Please find below a curated list of 1,642 of The Best Horror Quotes by notable women and men. Please consider sharing with others any of the Horror Quotes that resonate.
The spectacle of what is called religion, or at any rate organised religion, in India and elsewhere, has filled me with horror and I have frequently condemned it and wished to make a clean sweep of it. Almost always it seemed to stand for blind belief and reaction, dogma and bigotry, superstition, exploitation and the preservation of vested interests.
The intense horror of nightmare came over me: I tried to draw back my arm, but the hand clung to it, and a most melancholy voice sobbed, ‘Let me in – let me in!’ ‘Who are you?’ I asked, struggling, meanwhile, to disengage myself. ‘Catherine Linton,’ it replied, shiveringly (why did I think of LINTON? I had read EARNSHAW twenty times for Linton) – ‘I’m come home: I’d lost my way on the moor!’ As it spoke, I discerned, obscurely, a child’s face looking through the window.
Never console yourself into believing that the terror has passed, for it looms as large and evil today as it did in the despicable era of Bedlam. But I must relate the horrors as I recall them, in the hope that some force for mankind might be moved to relieve forever the unfortunate creatures who are still imprisoned in the back wards of decaying institutions.
During the present interval between the feudal age and the coming time, when life and its occupations will be freely thrown open to women as to men, the condition of the female working classes is such that if its sufferings were but made known, emotions of horror and shame would tremble through the whole of society.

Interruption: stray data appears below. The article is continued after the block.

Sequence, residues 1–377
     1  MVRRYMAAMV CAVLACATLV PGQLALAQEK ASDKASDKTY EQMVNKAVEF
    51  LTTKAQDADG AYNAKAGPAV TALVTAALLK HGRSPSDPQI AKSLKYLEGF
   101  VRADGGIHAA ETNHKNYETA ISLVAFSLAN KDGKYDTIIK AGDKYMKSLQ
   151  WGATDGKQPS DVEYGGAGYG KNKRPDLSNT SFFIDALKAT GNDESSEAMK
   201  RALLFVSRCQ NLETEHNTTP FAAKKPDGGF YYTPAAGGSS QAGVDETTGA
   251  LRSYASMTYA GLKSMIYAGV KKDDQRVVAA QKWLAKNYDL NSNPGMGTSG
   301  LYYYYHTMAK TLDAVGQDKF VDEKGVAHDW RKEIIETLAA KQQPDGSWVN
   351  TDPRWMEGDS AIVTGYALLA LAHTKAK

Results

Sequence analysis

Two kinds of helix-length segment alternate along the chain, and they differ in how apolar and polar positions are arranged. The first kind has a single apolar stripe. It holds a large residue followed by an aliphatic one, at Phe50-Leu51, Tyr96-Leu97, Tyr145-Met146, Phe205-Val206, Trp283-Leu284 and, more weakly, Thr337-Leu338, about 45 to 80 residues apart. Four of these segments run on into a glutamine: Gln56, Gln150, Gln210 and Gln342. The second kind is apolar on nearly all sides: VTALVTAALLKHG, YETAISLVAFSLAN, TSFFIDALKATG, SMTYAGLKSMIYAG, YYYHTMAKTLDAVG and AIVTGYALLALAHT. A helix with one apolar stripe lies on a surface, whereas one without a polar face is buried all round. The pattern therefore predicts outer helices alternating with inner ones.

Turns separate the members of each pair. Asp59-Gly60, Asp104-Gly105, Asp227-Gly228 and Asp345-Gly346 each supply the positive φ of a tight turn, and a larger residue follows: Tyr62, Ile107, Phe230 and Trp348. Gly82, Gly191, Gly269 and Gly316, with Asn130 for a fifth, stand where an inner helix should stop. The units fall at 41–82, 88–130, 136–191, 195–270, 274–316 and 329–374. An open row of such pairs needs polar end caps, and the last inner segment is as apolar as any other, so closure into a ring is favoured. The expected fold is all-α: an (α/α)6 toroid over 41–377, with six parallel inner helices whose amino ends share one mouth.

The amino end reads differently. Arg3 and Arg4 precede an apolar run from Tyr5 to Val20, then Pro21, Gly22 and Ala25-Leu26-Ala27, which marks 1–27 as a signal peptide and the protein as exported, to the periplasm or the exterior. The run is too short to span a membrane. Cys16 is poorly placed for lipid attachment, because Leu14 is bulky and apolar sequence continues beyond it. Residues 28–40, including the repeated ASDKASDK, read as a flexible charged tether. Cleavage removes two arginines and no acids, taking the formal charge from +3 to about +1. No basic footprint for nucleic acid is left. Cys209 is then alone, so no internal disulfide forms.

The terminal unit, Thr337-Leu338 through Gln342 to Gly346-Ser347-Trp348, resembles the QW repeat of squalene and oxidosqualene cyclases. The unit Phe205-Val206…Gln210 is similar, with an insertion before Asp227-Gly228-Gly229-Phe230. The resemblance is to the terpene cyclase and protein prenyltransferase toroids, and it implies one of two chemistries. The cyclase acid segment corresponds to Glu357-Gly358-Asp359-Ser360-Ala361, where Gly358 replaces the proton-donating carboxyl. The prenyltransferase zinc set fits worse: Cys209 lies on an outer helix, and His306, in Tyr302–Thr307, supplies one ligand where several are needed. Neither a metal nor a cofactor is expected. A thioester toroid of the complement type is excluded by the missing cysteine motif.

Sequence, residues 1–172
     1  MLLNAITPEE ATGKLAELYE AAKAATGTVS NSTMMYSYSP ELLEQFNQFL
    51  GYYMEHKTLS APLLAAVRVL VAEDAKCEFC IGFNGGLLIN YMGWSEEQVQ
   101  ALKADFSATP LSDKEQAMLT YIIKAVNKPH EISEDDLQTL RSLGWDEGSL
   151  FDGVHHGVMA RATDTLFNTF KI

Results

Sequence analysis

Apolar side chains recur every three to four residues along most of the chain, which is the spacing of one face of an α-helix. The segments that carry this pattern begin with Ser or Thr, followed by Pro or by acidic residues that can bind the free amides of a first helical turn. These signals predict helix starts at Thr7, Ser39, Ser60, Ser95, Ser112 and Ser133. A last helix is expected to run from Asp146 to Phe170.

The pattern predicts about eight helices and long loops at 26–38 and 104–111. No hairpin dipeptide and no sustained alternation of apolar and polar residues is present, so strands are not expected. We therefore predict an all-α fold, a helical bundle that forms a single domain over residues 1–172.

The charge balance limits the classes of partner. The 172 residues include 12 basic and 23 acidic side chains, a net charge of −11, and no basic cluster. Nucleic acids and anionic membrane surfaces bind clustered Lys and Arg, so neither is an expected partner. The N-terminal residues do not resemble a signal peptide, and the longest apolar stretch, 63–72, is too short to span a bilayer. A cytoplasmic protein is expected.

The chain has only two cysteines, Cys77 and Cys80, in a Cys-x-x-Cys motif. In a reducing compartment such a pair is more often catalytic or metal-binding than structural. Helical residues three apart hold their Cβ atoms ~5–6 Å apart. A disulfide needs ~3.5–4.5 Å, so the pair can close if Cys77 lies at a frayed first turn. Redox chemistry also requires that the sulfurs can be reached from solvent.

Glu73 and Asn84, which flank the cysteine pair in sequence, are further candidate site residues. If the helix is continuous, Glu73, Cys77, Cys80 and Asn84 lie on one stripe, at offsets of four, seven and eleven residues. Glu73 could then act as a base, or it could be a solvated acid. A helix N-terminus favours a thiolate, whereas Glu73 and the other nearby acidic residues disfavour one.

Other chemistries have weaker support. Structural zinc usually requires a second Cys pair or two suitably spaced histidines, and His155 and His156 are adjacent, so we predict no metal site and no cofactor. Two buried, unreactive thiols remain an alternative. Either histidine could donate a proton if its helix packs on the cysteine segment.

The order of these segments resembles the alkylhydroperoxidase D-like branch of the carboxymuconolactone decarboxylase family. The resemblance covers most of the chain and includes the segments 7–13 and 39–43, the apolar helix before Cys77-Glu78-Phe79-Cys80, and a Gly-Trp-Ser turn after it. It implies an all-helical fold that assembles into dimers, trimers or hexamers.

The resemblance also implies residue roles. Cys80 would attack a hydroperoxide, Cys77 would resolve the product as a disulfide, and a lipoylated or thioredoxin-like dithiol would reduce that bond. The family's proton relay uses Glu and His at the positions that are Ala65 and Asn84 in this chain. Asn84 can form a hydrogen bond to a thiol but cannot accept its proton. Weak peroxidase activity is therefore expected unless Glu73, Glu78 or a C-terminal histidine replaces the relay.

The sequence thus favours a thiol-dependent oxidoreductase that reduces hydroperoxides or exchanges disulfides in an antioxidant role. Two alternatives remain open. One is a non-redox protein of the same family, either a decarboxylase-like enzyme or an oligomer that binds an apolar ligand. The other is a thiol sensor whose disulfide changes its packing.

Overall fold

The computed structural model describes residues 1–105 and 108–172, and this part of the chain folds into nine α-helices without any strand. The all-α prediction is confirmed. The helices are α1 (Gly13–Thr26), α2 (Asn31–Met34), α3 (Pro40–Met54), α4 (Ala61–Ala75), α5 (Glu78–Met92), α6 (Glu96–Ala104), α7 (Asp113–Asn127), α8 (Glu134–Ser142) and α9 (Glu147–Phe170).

Operating-room errors hold a special terror for patients, if only because they seem like the most avoidable kind of complications. The occasional horror stories of patients who have the wrong leg removed or the wrong knee replaced generate the most headlines, as do tales of patients whose identities are mixed up entirely.
What a great unifier getting scared is. Not in an actual threatening, real-world way, but getting scared from horror movies or haunted houses or ghost stories. You laugh because it’s a release. People laugh when they’re nervous. I laugh so much at a haunted house. It’s out of fear, but it’s also a wonderful release. Getting scared like that, you feel good, and you feel exhilarated afterwards.
… in the relentless and meaningless manner one searches for something in a nightmare, coming on doors that won’t open or drawers that won’t shut, struggling over and over against the same meaningless thing, not knowing why the effort seems so desperate, why the sudden sight of a chair with a shawl thrown over it inspires the mind with horror.
We cannot understand what happens in the universe. What is glorious in it is united with what is full of horror. What is full of meaning is united to what is senseless. The spirit of the universe is at once creative and destructive — it creates while it destroys and destroys while it creates, and therefore it remains to us a riddle. And we must inevitably resign ourselves to this.
I sat on the bed. I looked at the Rorschach blot. I tried to make it look like a spreading tree, shadows pooled beneath it, but it didn’t. It looked more like a dead cat I once found, the fat, glistening grubs writhing blindly, squirming over each other, frantically tunneling away from the light. But even that isn’t the real horror. The horror is this: in the end, it is simply a picture of empty meaningless blackness.
And how we become like our parents! How their scorned advice – based, we felt in our superiority, on prejudices and muddled folk wisdom – how their opinions are subsequently borne out by our own discoveries and sense of the world, one after one. And as this happens, we realise with increasing horror that proposition which we would never have entertained before: our mothers were right!